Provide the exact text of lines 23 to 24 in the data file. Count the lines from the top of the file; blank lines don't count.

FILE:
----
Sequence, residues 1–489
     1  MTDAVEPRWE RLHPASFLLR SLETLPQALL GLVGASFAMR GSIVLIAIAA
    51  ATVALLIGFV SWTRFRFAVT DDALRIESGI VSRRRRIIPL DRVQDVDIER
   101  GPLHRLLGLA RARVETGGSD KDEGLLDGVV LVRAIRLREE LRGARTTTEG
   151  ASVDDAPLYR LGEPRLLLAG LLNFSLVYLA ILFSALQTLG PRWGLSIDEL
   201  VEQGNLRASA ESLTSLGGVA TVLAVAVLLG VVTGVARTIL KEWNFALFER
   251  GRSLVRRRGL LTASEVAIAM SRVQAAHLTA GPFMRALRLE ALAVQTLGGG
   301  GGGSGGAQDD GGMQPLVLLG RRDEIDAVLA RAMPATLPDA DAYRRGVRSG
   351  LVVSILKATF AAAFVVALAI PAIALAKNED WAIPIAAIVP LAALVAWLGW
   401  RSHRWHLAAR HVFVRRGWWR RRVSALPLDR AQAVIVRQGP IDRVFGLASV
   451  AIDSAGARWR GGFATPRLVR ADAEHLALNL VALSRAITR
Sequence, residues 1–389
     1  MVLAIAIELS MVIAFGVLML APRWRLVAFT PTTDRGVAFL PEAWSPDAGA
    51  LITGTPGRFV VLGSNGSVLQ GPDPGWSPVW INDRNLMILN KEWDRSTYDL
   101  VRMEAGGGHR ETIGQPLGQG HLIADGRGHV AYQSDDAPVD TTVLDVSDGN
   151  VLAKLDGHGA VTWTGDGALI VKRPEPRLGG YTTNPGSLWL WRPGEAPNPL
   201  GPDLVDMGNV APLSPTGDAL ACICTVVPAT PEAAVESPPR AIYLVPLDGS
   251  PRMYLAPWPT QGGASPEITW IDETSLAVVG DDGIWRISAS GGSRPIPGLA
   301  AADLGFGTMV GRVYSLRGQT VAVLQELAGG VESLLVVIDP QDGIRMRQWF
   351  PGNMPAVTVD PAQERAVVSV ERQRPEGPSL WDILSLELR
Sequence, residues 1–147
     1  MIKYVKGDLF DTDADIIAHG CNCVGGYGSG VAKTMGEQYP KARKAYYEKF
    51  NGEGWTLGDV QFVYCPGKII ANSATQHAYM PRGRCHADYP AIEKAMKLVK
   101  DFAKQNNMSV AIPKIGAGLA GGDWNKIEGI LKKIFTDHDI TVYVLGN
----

    51  NGEGWTLGDV QFVYCPGKII ANSATQHAYM PRGRCHADYP AIEKAMKLVK
   101  DFAKQNNMSV AIPKIGAGLA GGDWNKIEGI LKKIFTDHDI TVYVLGN